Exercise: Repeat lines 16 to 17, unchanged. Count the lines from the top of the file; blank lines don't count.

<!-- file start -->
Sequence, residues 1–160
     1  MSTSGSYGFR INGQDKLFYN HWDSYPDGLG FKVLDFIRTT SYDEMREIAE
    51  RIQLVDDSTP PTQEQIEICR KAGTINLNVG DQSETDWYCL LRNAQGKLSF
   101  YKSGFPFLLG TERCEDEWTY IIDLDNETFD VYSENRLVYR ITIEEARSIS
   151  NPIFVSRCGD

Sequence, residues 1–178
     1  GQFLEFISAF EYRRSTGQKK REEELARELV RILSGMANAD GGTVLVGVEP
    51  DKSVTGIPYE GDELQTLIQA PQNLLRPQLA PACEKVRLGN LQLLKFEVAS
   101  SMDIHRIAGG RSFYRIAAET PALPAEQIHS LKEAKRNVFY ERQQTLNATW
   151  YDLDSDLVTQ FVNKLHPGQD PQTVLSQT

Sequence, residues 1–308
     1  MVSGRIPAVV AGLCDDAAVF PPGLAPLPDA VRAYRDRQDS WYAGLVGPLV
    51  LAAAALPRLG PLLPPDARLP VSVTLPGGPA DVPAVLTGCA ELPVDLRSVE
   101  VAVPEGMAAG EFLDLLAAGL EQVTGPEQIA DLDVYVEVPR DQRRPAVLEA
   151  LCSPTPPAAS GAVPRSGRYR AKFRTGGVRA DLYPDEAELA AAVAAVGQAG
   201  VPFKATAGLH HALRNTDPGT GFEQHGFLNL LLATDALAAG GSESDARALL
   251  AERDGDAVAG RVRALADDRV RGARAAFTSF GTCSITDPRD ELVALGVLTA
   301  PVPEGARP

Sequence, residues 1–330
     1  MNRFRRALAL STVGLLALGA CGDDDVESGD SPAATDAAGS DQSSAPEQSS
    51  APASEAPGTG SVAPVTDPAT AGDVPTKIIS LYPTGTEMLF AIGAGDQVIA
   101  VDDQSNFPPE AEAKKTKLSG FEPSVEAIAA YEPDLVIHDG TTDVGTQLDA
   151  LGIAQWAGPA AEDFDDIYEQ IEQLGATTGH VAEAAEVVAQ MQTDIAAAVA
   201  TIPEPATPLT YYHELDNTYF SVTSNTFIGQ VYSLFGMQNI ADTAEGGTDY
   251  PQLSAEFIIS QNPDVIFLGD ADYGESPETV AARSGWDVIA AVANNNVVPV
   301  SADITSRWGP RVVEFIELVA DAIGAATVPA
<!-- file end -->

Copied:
   201  VPFKATAGLH HALRNTDPGT GFEQHGFLNL LLATDALAAG GSESDARALL
   251  AERDGDAVAG RVRALADDRV RGARAAFTSF GTCSITDPRD ELVALGVLTA